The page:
Jenn Basch: I think of a mentor as somebody that, you know, is there to guide you and to help so their knowledge and to you, to really just kind of to support you to grow into being better at whatever that is so better clinician, better communicator, better problem solver. Things like that.

Caroline Moore: And I think that mentor themselves has learned to be a good communicator, problem solver, all of those things as a therapist and so then they're able to. Help the new people coming in to learn those things, and how to navigate.

Catherine Funk: I think what you guys are saying is amazing, and I agree, and then also just someone who's really able to buy that unconditional support and and really meeting the mentee exactly where they are you know and not expecting something different from them.

Courtney Carriveau: And I think another wonderful part of the mentor relationship is that mentors ability to help the mentee grow and not always just giving them the answer, but supporting them in a way that they can utilize their own skills and their own clinical knowledge to grow as a clinician.

Summer McMurry: Yeah so why do you guys think it's really important, and why did we want to have a mentoring program that was really strong here at Carolina Peds?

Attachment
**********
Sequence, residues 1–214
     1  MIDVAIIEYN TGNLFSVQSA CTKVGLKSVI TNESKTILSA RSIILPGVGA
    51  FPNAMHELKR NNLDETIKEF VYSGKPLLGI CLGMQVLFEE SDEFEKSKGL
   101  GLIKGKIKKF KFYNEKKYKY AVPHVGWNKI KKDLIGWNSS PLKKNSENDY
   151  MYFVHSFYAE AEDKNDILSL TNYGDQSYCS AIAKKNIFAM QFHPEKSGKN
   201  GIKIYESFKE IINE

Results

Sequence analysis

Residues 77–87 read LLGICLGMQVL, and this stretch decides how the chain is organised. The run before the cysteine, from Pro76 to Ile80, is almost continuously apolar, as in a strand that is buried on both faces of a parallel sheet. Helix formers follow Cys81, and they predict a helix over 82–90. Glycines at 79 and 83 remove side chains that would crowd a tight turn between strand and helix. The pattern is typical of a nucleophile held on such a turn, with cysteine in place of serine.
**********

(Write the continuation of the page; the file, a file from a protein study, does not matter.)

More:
Jenn Basch: Thinking about new grads is one of the populations that we definitely want to mentor. Just no amount of things that you could read it a textbook journal articles lectures that you could attend in school for all the scenarios that you encounter as you go out into the field, and so I think. It's really beneficial to have somebody that has that experience and knowledge and maybe not even to. Have been in that exact same scenario, but they can draw from their years of experience and knowledge to really coach you and kind of help you deal with the nuances that come with. You know, being in real life in the field versus kind of this hypothetical that we think about what we're in school.